• 2 Vascular dementia: risk factorsVascular dementia is associated with cardiovascular andcerebrovascular risk factors and events7 100 90 80 70% of patients 60 50 40 30 20 10 0 Cardiovascular Hypertension Smoking Stroke Atherosclerosis MI/Angina Diabetes TIA condition predementia Hypercholesterolemia mellitus predementia Prevalence of vascular risk factors and conditions in a sample of vascular dementia patients7Poststroke vascular dementia6 Cardiogenic vascular dementia6◆ 25%-41% of stroke survivors develop vascular ◆ >40% of patients undergoing coronary artery dementia within 3 months bypass graft (CABG) surgery have cognitive impairment 5 years later ◆ 26% of patients hospitalized and treated for congestive heart failure (CHF) have vascular cognitive impairmentDifferent cerebrovascular and circulatory events can result in specificsubtypes of vascular dementia8 Mrs D’s story Mrs D suffers from hypercholesterolemia. At the age of 82, she had a stroke and was treated in intensive care until she recovered sufficiently to return home. 5
    • 3 Vascular dementia: societal burden◆ Societal costs of caring for vascular dementia patients are significantly greater than the costs of caring for patients with Alzheimer’s disease or cerebrovascular disease alone4, 9, 10◆ The high healthcare costs of vascular dementia are due mostly to hospital utilization10◆ The healthcare9 and caregiver11 burdens of vascular dementia may be explained by ❖ Existence of many comorbid conditions ❖ The increased complexity of managing dementia and cerebrovascular disease in the same patient AD CVD Costs Costs VaD Costs Relative annual healthcare costs for vascular dementia (VaD), Alzheimer’s disease (AD), and cerebrovascular disease (CVD).10 Mrs D’s story After her stroke, Mrs D moved in with her daughter.The time and care devoted by her daughter as the caregiver is an important factor in the total costs for the management of Mrs D’s condition. 6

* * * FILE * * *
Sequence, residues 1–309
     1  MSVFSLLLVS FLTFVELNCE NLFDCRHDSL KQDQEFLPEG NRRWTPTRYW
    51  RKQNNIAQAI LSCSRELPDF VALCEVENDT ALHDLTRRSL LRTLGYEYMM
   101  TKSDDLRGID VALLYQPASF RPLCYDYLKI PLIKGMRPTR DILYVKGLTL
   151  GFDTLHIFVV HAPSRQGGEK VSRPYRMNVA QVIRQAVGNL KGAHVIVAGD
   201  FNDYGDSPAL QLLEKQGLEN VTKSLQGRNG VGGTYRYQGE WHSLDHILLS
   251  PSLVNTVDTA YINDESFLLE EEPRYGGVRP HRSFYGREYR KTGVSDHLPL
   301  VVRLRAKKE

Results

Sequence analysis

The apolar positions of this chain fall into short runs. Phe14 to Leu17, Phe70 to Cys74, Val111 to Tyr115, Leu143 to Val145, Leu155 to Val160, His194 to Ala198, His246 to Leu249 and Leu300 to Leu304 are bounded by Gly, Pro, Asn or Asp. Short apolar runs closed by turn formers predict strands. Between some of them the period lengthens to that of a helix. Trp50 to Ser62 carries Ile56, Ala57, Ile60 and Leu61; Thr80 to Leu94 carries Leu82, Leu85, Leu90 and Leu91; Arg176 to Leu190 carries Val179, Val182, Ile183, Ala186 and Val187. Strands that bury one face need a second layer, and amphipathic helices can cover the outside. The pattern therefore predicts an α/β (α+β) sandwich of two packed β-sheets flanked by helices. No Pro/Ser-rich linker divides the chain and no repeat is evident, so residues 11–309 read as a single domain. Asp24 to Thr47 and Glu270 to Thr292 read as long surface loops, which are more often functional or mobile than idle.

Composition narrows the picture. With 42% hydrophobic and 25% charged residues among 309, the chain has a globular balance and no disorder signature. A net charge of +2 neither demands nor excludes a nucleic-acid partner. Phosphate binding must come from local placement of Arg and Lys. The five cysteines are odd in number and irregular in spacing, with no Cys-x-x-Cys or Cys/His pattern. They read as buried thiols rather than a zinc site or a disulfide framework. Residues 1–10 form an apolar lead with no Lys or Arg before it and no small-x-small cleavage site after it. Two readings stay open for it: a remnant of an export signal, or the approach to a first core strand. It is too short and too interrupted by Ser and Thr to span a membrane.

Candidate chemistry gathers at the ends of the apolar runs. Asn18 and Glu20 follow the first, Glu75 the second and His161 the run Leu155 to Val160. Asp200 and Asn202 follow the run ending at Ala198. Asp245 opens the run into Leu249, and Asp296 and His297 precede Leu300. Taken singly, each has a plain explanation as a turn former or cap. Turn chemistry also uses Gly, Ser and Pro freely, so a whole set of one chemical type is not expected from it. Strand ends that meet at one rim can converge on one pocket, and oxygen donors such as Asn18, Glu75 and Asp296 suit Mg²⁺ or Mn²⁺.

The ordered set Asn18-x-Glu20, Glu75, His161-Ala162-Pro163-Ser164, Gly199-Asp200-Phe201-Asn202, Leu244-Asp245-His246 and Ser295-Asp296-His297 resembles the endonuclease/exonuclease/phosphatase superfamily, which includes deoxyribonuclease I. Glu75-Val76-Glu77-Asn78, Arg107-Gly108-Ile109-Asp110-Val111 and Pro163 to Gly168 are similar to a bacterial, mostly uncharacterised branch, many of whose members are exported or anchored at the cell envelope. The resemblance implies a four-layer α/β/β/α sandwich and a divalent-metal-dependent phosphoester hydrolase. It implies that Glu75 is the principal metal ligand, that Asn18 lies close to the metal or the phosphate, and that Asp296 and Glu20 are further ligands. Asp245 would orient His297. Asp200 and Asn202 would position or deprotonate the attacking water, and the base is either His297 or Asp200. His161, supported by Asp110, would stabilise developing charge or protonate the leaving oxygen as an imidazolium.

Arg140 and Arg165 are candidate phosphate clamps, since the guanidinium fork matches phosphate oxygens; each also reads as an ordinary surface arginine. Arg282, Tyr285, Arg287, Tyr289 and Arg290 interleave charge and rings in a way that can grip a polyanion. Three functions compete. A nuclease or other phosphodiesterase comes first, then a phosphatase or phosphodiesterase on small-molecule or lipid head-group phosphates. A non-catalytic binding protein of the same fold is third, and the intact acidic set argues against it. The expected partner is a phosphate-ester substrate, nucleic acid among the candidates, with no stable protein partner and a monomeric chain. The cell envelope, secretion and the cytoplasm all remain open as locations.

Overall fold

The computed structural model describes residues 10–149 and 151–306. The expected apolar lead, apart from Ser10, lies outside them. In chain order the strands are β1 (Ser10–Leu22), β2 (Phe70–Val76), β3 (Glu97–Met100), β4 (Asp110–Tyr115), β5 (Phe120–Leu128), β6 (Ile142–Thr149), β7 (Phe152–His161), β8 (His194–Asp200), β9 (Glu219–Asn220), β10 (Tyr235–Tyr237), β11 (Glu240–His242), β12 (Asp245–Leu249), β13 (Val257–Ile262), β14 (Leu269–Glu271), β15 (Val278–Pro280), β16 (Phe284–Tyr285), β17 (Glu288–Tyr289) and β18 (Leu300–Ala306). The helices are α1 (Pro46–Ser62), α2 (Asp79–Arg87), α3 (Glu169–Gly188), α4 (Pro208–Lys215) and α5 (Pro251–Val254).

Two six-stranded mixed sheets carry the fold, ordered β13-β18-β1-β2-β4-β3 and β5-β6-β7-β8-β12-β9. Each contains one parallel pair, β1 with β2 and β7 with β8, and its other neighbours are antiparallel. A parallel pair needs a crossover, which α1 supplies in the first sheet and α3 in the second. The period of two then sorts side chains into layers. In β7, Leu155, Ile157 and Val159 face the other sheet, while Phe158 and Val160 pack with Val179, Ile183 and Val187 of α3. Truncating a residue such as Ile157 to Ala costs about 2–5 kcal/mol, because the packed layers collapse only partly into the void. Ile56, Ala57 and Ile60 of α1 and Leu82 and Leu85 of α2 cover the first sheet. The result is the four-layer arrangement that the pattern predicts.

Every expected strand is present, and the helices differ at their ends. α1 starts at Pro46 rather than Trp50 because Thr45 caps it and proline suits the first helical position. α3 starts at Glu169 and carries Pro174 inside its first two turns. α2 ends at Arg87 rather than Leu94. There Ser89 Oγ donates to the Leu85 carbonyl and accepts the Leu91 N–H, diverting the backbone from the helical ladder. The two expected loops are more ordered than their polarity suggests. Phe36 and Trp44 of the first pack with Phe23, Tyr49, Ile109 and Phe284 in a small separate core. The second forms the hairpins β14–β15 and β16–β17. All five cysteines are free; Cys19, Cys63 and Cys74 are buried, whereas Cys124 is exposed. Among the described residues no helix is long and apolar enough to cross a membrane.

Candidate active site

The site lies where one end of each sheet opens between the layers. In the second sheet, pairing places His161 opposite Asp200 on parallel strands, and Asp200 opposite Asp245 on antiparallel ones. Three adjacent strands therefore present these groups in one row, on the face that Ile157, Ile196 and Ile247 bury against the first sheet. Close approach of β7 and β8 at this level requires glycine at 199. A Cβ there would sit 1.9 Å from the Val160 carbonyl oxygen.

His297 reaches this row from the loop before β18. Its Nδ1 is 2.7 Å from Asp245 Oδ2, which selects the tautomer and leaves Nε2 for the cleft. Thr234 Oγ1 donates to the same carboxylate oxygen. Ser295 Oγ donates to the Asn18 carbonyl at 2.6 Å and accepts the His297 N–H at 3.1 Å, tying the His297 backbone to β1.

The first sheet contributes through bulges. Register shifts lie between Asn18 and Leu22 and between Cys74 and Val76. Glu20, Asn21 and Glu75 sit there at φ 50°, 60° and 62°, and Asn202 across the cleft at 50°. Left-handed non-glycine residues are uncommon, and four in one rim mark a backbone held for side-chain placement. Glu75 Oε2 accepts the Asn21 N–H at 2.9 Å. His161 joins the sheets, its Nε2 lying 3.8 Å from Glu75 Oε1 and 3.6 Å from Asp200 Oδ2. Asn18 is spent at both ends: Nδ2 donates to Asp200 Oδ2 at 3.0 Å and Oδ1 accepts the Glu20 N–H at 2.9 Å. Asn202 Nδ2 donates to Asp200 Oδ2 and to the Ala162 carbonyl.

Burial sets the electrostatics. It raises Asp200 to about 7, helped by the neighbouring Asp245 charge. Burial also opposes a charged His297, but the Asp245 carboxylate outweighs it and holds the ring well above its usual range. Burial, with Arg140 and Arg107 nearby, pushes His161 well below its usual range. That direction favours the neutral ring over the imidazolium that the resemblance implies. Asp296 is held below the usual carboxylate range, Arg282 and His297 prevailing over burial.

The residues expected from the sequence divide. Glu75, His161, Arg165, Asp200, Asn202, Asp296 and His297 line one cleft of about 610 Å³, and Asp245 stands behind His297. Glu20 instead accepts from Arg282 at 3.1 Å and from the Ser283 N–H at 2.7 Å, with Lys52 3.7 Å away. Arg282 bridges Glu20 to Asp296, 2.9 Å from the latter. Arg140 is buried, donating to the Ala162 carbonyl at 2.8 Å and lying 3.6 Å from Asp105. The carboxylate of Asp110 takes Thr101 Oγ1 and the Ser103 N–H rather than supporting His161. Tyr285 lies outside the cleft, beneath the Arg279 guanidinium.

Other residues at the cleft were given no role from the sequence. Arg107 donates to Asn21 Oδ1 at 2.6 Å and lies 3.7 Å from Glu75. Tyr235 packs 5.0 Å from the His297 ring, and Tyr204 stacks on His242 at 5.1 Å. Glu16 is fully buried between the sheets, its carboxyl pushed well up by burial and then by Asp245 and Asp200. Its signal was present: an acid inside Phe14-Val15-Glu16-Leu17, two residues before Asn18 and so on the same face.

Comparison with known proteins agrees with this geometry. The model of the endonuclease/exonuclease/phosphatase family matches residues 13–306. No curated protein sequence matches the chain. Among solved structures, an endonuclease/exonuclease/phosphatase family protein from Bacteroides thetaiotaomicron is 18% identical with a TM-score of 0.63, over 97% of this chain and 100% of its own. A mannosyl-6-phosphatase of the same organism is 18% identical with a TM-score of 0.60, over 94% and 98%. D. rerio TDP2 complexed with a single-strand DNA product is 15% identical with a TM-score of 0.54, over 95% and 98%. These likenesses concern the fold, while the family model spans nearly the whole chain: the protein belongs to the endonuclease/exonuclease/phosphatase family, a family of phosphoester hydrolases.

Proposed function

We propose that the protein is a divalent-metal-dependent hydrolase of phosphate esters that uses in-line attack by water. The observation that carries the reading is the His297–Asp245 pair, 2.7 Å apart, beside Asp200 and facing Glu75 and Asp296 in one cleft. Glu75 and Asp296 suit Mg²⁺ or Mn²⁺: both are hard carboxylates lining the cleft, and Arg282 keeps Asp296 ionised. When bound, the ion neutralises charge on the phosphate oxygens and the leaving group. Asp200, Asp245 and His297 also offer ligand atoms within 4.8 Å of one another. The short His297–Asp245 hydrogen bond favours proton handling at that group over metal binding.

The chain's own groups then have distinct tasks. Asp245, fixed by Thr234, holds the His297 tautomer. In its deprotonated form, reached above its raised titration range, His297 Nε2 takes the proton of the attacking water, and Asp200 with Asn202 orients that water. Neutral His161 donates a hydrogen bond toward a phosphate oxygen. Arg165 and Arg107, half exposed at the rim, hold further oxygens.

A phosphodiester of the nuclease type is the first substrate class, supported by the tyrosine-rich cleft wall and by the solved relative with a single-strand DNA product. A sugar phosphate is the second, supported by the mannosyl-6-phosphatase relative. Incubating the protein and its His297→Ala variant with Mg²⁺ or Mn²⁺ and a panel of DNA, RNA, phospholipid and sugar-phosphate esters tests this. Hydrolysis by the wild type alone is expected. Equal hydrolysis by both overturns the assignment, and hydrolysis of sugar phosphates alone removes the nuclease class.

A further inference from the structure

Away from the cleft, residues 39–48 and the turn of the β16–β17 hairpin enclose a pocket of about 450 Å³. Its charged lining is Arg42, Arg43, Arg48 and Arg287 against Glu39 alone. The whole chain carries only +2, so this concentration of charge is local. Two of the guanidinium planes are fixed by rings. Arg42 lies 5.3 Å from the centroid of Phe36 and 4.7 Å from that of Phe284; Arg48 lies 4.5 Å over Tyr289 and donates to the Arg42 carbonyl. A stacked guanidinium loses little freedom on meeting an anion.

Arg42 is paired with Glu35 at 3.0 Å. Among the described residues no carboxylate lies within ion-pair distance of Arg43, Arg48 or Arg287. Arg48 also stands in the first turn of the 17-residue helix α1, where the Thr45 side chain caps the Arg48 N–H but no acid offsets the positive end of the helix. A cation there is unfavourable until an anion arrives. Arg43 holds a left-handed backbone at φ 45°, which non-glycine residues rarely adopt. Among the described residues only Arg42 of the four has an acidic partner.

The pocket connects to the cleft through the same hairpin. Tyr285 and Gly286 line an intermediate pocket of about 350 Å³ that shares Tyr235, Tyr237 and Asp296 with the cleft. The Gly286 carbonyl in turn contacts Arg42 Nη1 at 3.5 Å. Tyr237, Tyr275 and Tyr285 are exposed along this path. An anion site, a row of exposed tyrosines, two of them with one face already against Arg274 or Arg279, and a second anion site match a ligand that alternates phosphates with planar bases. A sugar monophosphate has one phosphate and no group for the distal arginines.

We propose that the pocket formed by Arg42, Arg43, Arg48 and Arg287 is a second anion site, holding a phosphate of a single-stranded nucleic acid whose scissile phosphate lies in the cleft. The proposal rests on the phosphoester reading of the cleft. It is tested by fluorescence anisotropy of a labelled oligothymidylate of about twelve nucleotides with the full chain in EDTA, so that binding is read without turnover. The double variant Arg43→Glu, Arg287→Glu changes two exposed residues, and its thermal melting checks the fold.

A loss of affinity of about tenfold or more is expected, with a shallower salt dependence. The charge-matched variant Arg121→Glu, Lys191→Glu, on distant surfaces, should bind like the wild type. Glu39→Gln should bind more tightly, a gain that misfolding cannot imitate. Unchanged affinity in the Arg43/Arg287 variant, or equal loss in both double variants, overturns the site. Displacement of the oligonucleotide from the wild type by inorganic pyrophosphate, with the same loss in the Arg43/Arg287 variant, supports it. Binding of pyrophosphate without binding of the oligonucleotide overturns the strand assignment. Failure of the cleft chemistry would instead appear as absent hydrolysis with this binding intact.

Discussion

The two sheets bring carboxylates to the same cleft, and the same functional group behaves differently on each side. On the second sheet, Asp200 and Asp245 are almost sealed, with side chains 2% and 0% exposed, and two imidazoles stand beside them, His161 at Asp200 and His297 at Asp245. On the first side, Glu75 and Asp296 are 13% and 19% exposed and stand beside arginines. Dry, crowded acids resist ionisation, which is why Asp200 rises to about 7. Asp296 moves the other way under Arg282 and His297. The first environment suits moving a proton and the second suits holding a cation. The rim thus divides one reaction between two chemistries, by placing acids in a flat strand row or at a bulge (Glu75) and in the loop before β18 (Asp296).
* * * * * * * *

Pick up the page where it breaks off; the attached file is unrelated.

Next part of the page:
• Vascular dementia:4 signs and symptomsFrontal-subcortical-thalamic circuits Frontal Cortex◆ Parallel circuits that connect the prefrontal cortex, striatum, and thalamus regulate: ❖ executive control function Striatum ❖ organization ❖ mood and motivation Globus Pallidus/◆ Subcortical or cortical lesions within these circuits can result in the Substantia Nigra symptoms seen in vascular dementia8 Thalamus Executive dysfunction Inability to plan, organize, and sequence ◆ Memory loss is not always a prominent complex tasks Early urinary Decline in memory feature frequency and intellectual ability and urgency ◆ Cognitive deficits are patchy Characteristic symptoms of vascular dementia12 Executive dysfunction Behavioral changes Gait disturbances Emotional lability, Unsteadiness and falls, ◆ Prominent and characteristic feature of irritability, compass turning depression, apathy vascular dementia13 Impairment in psychomotor ◆ Linked to reduced ability to perform performance activities of daily living,14 such as handling finances, using the phone, playing chess Cortical vascular Subcortical vascular dementia12 dementia12 ◆ Abrupt onset of ◆ Insidious onset, linked to symptoms, associated with clinically silent events clinically apparent events ◆ Gradual progression ◆ Stepwise progression ◆ May appear to resemble ◆ Easier to detect deficits Alzheimer’s disease Mrs D’s story Mrs D’s daughter takes up the story:“My mom was getting better after her stroke and went back home, but she wasn’t acting like herself. She was having trouble managing her finances, and she couldn’t find words for simple objects like a paper clip.” 7